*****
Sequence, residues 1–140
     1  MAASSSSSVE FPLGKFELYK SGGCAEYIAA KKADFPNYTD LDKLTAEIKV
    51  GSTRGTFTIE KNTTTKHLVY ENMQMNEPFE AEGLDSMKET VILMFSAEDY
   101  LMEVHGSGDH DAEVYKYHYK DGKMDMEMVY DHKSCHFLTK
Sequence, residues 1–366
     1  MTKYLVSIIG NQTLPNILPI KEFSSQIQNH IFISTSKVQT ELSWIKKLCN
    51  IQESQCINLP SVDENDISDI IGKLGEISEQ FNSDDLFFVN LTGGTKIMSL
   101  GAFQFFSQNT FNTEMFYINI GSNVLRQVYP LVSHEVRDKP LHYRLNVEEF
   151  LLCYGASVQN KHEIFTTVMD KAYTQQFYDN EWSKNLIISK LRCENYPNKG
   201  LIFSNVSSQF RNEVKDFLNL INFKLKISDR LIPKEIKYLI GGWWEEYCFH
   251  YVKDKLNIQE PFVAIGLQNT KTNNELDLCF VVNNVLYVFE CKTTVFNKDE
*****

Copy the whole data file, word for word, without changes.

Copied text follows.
Sequence, residues 1–140
     1  MAASSSSSVE FPLGKFELYK SGGCAEYIAA KKADFPNYTD LDKLTAEIKV
    51  GSTRGTFTIE KNTTTKHLVY ENMQMNEPFE AEGLDSMKET VILMFSAEDY
   101  LMEVHGSGDH DAEVYKYHYK DGKMDMEMVY DHKSCHFLTK
Sequence, residues 1–366
     1  MTKYLVSIIG NQTLPNILPI KEFSSQIQNH IFISTSKVQT ELSWIKKLCN
    51  IQESQCINLP SVDENDISDI IGKLGEISEQ FNSDDLFFVN LTGGTKIMSL
   101  GAFQFFSQNT FNTEMFYINI GSNVLRQVYP LVSHEVRDKP LHYRLNVEEF
   151  LLCYGASVQN KHEIFTTVMD KAYTQQFYDN EWSKNLIISK LRCENYPNKG
   201  LIFSNVSSQF RNEVKDFLNL INFKLKISDR LIPKEIKYLI GGWWEEYCFH
   251  YVKDKLNIQE PFVAIGLQNT KTNNELDLCF VVNNVLYVFE CKTTVFNKDE